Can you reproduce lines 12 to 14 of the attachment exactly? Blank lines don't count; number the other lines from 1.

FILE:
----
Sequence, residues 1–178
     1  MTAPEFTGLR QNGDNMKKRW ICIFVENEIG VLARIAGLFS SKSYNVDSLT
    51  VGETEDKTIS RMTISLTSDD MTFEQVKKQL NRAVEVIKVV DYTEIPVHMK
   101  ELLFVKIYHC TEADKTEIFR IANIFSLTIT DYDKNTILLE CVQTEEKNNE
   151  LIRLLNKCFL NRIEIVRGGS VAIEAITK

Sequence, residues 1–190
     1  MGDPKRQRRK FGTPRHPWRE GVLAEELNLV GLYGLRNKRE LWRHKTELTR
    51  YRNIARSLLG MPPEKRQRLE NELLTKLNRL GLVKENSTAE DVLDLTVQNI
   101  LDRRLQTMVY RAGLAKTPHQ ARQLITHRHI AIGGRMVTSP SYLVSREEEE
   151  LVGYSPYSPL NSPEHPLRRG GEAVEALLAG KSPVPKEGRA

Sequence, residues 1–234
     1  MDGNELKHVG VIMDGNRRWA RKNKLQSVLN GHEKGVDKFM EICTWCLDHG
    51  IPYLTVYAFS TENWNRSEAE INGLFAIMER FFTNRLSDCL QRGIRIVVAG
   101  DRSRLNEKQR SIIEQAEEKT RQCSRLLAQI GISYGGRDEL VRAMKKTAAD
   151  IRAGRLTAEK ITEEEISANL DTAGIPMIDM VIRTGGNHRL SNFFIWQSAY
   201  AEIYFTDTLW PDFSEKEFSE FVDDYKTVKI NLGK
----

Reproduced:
     1  MDGNELKHVG VIMDGNRRWA RKNKLQSVLN GHEKGVDKFM EICTWCLDHG
    51  IPYLTVYAFS TENWNRSEAE INGLFAIMER FFTNRLSDCL QRGIRIVVAG
   101  DRSRLNEKQR SIIEQAEEKT RQCSRLLAQI GISYGGRDEL VRAMKKTAAD